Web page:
The administration of President Joe Biden has decided to terminate a military program started under his predecessor, President Donald Trump, for developing sea-launched nuclear cruise missiles.
Biden’s Defense Department decided in favor of scrapping the program even though some of its most senior officials opposed it, Newsmax reported.
The Trump administration started the sea-launched nuclear missile development in 2018.
Its termination was revealed this week in the newly published 2022 National Defense Strategy described as a “sweeping new strategy” for crafting “better military deterrence” against the threats from China and Russia.
When the Trump administration set out to develop the new nuclear-armed sea-launched cruise missile (SLCM-N), it designed it in response to the Russian threat.
According to the Biden administration, however, the SLCM-N is “no longer necessary” because the US military possesses other “means to deter limited nuclear use.”
The termination of the SLCM-N program would not affect the existence of America’s strategic submarine-launched nuclear arsenal but does stop the development of a new power projection capability.
Biden’s Defense Secretary Lloyd Austin defended the decision to kill the Trump-era program by pointing out that the United States already had a substantial nuclear military inventory and could do without the new nuclear-capable submarine-launched cruise missile.
“We determined, as we looked at our inventory, that we did not need that capability. We have a lot of capability in our nuclear inventory,” Austin told reporters in Washington, DC.
He dismissed speculations that the administration’s decision would send the wrong message to Russian leader Vladimir Putin. The latter keeps threatening America and the West with Moscow’s nukes as his military suffers mind-blowing losses in its invasion of Ukraine.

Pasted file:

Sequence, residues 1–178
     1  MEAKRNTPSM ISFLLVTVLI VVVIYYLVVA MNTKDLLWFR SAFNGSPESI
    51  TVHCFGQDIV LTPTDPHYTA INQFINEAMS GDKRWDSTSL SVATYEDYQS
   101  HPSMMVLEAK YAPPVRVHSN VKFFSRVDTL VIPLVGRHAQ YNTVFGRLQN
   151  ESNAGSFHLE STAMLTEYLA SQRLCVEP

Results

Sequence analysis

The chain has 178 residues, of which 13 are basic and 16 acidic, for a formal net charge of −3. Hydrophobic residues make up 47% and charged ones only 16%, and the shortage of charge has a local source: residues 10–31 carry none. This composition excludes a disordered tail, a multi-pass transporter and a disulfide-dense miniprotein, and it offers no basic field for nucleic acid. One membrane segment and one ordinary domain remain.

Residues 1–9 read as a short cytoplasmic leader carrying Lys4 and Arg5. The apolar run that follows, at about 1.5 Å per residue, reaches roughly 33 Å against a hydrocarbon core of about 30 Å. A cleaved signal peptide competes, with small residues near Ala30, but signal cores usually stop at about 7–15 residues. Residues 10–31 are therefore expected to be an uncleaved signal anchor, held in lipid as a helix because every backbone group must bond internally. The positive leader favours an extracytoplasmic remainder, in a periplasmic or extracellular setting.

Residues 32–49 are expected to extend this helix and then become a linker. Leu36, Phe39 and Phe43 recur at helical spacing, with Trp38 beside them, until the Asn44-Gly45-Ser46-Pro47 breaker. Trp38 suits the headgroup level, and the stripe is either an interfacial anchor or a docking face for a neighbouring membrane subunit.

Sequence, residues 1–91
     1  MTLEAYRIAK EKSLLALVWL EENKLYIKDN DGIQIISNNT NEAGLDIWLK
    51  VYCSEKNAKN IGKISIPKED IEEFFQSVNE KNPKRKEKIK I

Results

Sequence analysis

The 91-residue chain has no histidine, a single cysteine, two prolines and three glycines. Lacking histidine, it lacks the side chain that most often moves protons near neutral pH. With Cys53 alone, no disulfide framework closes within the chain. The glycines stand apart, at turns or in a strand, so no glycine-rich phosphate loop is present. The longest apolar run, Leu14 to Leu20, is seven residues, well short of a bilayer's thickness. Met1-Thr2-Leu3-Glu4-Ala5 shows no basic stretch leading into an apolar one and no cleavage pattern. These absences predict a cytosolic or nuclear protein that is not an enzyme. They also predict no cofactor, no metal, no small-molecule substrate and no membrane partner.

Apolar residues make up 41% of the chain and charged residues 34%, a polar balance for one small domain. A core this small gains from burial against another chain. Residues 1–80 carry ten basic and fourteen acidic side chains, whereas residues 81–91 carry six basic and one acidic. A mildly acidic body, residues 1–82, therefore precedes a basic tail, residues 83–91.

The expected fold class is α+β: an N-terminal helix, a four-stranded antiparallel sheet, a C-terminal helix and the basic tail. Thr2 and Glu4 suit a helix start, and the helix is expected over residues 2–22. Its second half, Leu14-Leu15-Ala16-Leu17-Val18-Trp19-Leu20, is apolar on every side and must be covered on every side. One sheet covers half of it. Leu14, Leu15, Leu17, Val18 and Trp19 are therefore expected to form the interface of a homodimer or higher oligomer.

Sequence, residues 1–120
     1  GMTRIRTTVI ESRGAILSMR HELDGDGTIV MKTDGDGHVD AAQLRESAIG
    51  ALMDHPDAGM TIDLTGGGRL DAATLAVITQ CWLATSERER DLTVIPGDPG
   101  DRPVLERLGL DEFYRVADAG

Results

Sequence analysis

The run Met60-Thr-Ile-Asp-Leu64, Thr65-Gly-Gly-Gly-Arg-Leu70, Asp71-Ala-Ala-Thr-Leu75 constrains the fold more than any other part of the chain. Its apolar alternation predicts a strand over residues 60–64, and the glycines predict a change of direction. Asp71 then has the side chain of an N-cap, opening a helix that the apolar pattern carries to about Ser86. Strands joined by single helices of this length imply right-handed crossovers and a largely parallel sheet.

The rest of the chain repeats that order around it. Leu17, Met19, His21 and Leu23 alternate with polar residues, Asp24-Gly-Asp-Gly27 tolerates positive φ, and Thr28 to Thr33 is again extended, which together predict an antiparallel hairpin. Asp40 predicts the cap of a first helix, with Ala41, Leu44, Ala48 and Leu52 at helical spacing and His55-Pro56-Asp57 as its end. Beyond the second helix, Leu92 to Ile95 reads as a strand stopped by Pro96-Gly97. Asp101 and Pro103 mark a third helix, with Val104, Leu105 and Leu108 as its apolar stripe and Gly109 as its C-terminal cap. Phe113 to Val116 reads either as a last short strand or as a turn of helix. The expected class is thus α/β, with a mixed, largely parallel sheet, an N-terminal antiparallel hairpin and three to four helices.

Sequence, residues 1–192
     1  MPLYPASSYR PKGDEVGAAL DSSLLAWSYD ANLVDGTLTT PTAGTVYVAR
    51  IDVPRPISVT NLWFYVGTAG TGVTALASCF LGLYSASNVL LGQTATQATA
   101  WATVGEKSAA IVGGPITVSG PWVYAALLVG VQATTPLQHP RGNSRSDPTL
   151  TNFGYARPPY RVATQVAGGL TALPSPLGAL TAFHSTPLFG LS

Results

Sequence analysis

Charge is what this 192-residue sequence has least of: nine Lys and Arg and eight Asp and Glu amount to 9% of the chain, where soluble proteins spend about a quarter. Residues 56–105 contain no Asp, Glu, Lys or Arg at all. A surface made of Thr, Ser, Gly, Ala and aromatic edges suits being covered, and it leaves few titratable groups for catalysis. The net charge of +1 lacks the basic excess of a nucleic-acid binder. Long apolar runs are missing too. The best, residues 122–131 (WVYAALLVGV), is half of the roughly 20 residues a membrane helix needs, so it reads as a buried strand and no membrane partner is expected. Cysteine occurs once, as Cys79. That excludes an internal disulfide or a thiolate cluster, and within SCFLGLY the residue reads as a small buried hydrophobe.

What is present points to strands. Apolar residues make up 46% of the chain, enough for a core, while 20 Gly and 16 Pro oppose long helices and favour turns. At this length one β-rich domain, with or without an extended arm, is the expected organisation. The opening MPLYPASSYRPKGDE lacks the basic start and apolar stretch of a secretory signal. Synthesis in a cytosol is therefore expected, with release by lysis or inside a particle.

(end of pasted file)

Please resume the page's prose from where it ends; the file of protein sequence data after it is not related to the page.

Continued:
“[Putin] understands what our capability is, and … we’ll continue to move forward,” Austin declared.
Earlier this year, the US Navy’s 2023 budget request had called for the ending of the new SLCM-N program, arguing that it was “cost prohibitive” and the missile in question would arrive “late to need.”
A senior defense official told reporters that even when fully funded, the program would have yielded the fully developed new missiles no earlier than 2035.
Regardless of those arguments, Gen. Mark Milley, the chairman of the Joint Chiefs of Staff, had thrown his full weight behind developing this and other low-yield nuclear weapons.
“My position on SLCM-N has not changed. My general view is that this president or any president deserves to have multiple options to deal with national security situations,” Milley told the House Armed Services Committee in April.
The US Congress could still reverse the Biden administration’s decision to cancel the new missile.
President Joe Biden's administration is attempting to end the military development of some sea-launched nuclear missiles first ordered under former President Donald Trump. https://t.co/pWjh79iCF1
— Newsmax (@newsmax) October 27, 2022